Bug 61764 - Conditional formatting rules don't evaluate properly for some multi-range rule definitions
Summary: Conditional formatting rules don't evaluate properly for some multi-range rul...
Status: RESOLVED FIXED
Alias: None
Product: POI
Classification: Unclassified
Component: SS Common (show other bugs)
Version: 3.17-FINAL
Hardware: All All
: P2 normal (vote)
Target Milestone: ---
Assignee: POI Developers List
URL:
Keywords:
Depends on:
Blocks:
 
Reported: 2017-11-15 00:28 UTC by Greg Woolsey
Modified: 2017-11-15 08:40 UTC (History)
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Description Greg Woolsey 2017-11-15 00:28:12 UTC
When evaluating a single rule defined over a series of disjoint cell ranges using a comparison to a relative cell reference, POI gets confused about what applies where and the reference shifting needed to evaluate the rule in the context of cells not in the top left of the range.
Comment 1 Greg Woolsey 2017-11-15 02:24:50 UTC
It turns out Excel evaluates relative references in the conditional formula relative to the range the formula applies to by treating the top left cell of the applicable range as "A1".  POI code currently shifts those references by starting from the formula-referenced cell and adding the current range cell's offsets.  

So offsets need to change to be 

formula ref + range top-left + current cell range offset 

rather than the current

formula ref + current cell range offset
Comment 2 Greg Woolsey 2017-11-15 07:39:23 UTC
Turns out this logic doesn't work for the formulas generated internally by Excel for string comparison rules.  Different logic for adjusting the relative references in that case.  Fortunately HSSF doesn't implement these types of rules, and XSSF has a "text" attribute that is the text to key the condition by.  Using that also avoids some formula evaluation, which saves time.

Interesting Excel conditional formatting twist: I tried a "contains text" rule on cells with numbers.

When looking for values containing "0".  Regardless of display formatting, Excel matched cells with significant zeros only.  i.e. a cell with a value of 424 and a currency format that displays as "$424.00" does not match the rule, but a value of "$424.01" does.  "$424.10" also does not match.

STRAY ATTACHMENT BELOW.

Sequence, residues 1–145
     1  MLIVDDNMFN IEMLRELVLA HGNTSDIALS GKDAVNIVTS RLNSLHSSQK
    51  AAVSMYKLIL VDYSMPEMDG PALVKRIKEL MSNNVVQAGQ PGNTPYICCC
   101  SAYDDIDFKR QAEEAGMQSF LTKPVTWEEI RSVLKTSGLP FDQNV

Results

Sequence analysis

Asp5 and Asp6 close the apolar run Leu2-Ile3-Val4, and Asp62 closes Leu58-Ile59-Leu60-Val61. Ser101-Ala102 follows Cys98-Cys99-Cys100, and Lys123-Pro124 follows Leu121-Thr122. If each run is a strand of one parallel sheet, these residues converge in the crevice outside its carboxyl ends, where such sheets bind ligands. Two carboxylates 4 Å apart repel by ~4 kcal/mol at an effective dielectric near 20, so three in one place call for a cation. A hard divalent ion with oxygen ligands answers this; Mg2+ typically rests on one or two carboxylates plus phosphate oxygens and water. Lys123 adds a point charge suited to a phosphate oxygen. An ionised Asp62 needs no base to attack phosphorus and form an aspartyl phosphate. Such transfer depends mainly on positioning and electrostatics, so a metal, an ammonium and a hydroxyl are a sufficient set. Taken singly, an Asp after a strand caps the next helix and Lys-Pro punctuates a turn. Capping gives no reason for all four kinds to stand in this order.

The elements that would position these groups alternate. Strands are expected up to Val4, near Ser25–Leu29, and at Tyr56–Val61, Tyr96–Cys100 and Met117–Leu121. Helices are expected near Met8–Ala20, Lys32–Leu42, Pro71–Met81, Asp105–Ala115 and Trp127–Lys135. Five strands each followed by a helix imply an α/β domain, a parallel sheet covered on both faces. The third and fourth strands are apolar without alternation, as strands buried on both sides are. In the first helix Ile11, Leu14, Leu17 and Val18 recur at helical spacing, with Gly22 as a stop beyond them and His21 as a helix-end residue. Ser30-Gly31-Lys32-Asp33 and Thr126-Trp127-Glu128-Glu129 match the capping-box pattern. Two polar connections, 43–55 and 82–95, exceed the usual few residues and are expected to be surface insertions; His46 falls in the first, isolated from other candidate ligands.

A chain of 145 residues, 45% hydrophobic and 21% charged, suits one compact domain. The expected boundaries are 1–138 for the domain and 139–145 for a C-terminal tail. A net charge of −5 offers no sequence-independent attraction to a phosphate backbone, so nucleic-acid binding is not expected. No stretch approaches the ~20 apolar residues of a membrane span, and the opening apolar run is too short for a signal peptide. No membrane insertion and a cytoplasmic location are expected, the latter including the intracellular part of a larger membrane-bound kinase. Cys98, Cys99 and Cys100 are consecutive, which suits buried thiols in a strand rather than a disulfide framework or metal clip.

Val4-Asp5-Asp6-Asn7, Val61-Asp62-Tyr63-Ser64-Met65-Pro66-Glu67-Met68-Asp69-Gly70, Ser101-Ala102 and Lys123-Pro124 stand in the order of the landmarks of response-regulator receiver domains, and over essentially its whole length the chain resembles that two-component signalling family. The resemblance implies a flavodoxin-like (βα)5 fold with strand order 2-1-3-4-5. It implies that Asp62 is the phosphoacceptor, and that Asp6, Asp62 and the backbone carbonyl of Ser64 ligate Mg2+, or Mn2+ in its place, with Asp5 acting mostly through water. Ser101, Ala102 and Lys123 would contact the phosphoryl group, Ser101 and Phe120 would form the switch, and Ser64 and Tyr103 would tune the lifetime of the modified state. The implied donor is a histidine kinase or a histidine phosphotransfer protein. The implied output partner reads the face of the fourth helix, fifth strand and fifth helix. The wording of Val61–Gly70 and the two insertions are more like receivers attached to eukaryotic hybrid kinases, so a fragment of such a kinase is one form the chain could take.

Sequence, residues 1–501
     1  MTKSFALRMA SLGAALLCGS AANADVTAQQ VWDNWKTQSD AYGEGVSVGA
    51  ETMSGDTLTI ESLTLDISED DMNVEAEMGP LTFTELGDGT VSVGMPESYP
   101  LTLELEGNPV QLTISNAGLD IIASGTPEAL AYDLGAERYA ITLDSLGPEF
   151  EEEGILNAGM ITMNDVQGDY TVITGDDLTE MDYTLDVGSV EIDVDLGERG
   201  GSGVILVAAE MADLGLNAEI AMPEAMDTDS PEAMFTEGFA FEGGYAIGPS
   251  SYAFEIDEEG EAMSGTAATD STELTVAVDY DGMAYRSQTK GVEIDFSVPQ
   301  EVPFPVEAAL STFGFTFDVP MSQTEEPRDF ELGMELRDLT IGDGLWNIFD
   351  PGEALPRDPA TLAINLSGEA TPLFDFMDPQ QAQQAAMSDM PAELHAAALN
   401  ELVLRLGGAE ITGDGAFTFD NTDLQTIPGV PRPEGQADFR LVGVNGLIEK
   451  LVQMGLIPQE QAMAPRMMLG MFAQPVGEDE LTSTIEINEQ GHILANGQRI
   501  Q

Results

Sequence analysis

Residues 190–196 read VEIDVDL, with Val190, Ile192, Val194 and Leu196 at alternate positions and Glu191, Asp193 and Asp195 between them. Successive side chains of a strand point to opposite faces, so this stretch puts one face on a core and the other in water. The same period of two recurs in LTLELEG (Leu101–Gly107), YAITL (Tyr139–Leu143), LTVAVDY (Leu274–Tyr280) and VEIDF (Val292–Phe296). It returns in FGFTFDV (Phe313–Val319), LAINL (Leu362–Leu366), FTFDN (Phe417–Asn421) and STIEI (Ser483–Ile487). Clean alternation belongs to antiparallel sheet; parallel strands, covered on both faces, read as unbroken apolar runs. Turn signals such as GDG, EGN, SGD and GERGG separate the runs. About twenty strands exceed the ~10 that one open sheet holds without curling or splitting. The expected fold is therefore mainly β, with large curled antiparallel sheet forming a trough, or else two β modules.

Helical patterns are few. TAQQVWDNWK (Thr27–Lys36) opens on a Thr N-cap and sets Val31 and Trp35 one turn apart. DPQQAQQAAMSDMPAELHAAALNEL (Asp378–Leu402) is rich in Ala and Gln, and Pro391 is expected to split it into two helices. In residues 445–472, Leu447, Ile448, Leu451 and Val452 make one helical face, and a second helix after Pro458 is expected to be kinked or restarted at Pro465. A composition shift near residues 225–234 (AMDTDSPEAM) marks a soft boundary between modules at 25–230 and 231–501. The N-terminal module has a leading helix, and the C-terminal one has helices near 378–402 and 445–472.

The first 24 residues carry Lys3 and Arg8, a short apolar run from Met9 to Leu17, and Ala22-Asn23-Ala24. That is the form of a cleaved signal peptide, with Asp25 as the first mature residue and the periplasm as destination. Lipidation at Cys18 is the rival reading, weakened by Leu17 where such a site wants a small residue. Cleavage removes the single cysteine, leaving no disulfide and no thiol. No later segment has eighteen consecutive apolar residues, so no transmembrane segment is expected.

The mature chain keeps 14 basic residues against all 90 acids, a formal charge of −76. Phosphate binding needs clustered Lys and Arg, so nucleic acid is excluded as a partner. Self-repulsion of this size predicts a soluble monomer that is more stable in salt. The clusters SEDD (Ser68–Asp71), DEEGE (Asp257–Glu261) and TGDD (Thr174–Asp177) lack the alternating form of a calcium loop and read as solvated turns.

Similarly looking for a period (".") matches cells with fractional values only.  This implies the matching is likely using the value stored in the OOXML which uses the canonical decimal separator.

The evaluation logic will need to support this via a double to String conversion that doesn't fall into scientific notation or include extraneous trailing zeros or periods.  This rules out:

* direct Double.toString() (trailing ".0" for integers)
* BigDecimal.toPlainString() (converts the full floating point representation of double values, which doesn't match expected values)
* String.format() (have to hard-code decimal precision)

leaving us with:

DecimalFormat df = new DecimalFormat("0", DecimalFormatSymbols.getInstance(Locale.ENGLISH));
df.setMaximumFractionDigits(DecimalFormat.DOUBLE_FRACTION_DIGITS);

since POI rule objects are assumed not thread safe, an instance field scoped format instance in EvaluationConditionalFormatRule is a decent place to cache a DecimalFormat instance for balancing performance and memory.  Most workbooks won't have very many rule definitions, and this way it is kept close to it's callers.
Comment 3 Greg Woolsey 2017-11-15 08:40:53 UTC
Fixed in r1815298